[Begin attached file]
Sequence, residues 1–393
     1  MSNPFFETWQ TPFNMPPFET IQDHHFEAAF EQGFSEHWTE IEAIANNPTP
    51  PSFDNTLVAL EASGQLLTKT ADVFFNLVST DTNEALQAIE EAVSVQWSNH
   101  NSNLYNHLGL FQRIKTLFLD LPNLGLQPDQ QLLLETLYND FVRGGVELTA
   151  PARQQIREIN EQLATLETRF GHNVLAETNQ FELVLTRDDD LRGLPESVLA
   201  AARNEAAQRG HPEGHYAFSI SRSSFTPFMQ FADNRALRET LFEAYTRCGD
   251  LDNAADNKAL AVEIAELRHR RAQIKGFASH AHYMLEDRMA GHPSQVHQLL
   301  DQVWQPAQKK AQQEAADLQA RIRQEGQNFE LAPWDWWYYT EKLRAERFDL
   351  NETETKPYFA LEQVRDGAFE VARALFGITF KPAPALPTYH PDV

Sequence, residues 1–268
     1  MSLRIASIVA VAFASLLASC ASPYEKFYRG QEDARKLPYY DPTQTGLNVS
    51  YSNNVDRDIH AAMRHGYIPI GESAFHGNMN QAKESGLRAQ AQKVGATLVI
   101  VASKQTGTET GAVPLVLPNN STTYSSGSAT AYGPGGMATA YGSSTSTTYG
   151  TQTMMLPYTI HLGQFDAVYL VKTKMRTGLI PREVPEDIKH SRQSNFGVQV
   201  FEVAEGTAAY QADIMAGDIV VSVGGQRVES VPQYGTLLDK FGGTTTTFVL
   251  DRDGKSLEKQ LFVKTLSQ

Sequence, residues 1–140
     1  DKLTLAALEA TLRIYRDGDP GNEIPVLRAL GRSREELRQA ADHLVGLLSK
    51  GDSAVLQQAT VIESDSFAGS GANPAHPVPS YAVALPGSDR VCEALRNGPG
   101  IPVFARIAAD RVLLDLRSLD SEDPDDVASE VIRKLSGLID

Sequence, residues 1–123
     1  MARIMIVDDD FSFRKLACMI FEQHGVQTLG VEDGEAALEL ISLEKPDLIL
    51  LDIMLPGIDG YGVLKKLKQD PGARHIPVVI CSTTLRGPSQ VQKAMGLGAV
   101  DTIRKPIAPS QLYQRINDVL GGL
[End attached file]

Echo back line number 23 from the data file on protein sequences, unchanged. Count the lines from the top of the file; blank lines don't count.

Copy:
    51  LDIMLPGIDG YGVLKKLKQD PGARHIPVVI CSTTLRGPSQ VQKAMGLGAV